Tech heavyweights are coming together to stand behind DMARC, a new system announced today that could block phishing emails before they ever reach your inbox.
“We’ve been active in the leadership of the DMARC group for almost two years, and now that Gmail and several other large mail senders and providers — namely Facebook, LinkedIn, and PayPal — are actively using the DMARC specification, the road is paved for more members of the email ecosystem to start getting a handle on phishing,” said Google’s Gmail product manager Adam Dawes in a blog post.
DMARC, which stands for Domain-Based Message Authentication, Reporting, and Conformance, is a way for domain owners to prove an email is truly being sent from them and is not a phishing attack. These attacks are often emails that attempt to dupe a user into giving up personal information such as logins or financial information. One of the main ways criminals attempt to trick users is by forging a “sender” line so the email looks like it’s from a reputable source. People are far more willing to give their bank account number and login credentials to PayPal than to the Prince of Nigeria.
“Email phishing defrauds millions of people and companies every year, resulting in a loss of consumer confidence in email and the Internet as a whole,” said DMARC chair Brett McDowell, who is also PayPal’s senior manager of customer security initiatives.
Being able to fake the sender line is very dangerous, especially for older people who have not learned to be suspicious of unknown email. DMARC, however, provides domain holders like PayPal an opportunity to prove their identity and block any other emails claiming to be them. It does this by building on a two-step authentication system.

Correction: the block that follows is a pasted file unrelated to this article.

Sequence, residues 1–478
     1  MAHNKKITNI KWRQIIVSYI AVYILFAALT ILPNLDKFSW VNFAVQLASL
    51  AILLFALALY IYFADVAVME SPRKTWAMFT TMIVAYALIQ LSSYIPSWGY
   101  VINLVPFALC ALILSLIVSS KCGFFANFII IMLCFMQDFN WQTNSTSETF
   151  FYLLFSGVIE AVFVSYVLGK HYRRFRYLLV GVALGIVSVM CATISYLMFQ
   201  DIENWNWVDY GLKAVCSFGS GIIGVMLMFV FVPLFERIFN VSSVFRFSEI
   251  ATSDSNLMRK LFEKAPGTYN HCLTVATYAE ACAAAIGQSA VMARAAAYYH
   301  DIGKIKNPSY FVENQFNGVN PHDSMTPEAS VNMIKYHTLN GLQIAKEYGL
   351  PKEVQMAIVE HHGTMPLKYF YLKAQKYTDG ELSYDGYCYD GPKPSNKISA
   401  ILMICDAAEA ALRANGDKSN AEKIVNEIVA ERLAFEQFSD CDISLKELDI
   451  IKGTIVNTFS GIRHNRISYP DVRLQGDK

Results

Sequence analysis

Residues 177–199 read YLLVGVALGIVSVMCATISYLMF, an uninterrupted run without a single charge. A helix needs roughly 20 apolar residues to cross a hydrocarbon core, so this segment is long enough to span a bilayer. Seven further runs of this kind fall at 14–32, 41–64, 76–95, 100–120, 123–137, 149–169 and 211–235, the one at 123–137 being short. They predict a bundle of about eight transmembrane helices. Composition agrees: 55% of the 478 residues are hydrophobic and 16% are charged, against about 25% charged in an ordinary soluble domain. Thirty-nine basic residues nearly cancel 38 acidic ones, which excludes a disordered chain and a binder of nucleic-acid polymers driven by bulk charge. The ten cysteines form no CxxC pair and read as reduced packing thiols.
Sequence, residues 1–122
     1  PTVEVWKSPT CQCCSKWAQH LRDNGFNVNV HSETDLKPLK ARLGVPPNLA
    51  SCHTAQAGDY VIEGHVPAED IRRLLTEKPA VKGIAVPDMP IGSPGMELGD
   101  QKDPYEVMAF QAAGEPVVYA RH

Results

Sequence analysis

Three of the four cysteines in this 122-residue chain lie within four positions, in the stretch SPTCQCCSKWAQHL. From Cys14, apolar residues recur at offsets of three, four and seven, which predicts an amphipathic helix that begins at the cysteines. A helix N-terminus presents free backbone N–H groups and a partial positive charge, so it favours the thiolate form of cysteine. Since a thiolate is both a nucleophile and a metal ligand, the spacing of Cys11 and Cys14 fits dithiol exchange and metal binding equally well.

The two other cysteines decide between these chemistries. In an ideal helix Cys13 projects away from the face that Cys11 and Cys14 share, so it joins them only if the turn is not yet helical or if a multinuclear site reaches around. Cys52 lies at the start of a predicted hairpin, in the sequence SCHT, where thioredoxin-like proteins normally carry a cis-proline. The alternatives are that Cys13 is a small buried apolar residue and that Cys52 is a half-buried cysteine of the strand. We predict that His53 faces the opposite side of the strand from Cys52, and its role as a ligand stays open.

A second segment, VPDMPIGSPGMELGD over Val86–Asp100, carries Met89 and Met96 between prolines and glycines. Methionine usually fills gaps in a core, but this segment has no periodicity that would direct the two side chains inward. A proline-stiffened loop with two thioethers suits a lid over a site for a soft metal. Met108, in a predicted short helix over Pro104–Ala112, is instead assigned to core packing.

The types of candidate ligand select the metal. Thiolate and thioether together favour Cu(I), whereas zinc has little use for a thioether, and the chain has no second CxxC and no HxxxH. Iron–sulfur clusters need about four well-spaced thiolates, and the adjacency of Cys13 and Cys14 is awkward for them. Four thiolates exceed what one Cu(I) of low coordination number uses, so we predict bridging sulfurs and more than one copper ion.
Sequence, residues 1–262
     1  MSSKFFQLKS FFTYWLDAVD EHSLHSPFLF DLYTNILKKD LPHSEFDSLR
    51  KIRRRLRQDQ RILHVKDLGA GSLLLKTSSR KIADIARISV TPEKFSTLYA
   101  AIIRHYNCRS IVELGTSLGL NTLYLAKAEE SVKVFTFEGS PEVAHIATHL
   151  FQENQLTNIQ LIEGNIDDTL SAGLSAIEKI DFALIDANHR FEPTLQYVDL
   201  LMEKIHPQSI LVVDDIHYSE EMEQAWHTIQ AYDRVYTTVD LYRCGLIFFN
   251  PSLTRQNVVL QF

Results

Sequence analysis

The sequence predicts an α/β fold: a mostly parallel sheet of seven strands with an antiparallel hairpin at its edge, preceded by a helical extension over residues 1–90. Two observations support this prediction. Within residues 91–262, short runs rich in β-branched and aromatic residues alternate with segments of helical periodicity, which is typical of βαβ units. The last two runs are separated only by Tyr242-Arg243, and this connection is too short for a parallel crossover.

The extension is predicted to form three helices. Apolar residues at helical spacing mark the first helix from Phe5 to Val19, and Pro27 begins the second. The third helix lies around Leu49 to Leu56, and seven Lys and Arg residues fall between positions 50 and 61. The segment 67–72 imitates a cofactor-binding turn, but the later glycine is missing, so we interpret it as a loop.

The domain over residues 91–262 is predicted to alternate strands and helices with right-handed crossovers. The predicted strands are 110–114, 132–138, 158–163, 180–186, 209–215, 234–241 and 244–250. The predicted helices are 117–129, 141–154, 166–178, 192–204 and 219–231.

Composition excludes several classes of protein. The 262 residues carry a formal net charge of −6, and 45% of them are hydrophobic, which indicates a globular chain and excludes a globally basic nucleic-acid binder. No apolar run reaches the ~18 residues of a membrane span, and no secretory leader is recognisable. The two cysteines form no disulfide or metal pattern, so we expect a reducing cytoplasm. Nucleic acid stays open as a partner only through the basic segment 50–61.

First, the domain owner can use SPF (Sender Policy Framework), to identify which of its employees are allowed to send emails on the company’s behalf. These emails are authenticated by looking at the IP address of the computer to make sure they are the verified sender.
Second, domain owners can use DKIM (Domain Keys Identified Mail), which looks at the digital signature of the sender. A digital signature exists in the background of an email, and lists out a number of different parameters that should be met within the body and to/from fields of the email. For instance, one parameter could be “d,” for domain, where the domain owner can put, “d=paypal.com.” DKIM then checks if the email being sent is actually from “paypal.com” and can block a message if the parameters aren’t met.
By using and fine-tuning these authentication systems, DMARC aims to make more companies take responsibility for their outgoing mail. Eventually, companies will get to a point where enough trust is put in the system to block any email that fails authentication.
Facebook, Google, and PayPal aren’t the only ones who have seen this kind of phishing scheme. Apple also recently experienced a string of phishing emails claiming to come from “firstname.lastname@example.org.” The email’s body, which took on the same shadowing and coloring as a normal Apple email, asked members to “update their account information,” including bank account and social security number. Another scam came from “email@example.com,” claiming you had received an In-Mail, but really redirected you to a Viagra sale site.
According to Dawes, nearly 15 percent of all non-spam Gmail messages are already being authenticated and are protected by DMARC.
He explained, “The phishing potential plummets when the system just works, and that’s what DMARC provides.”
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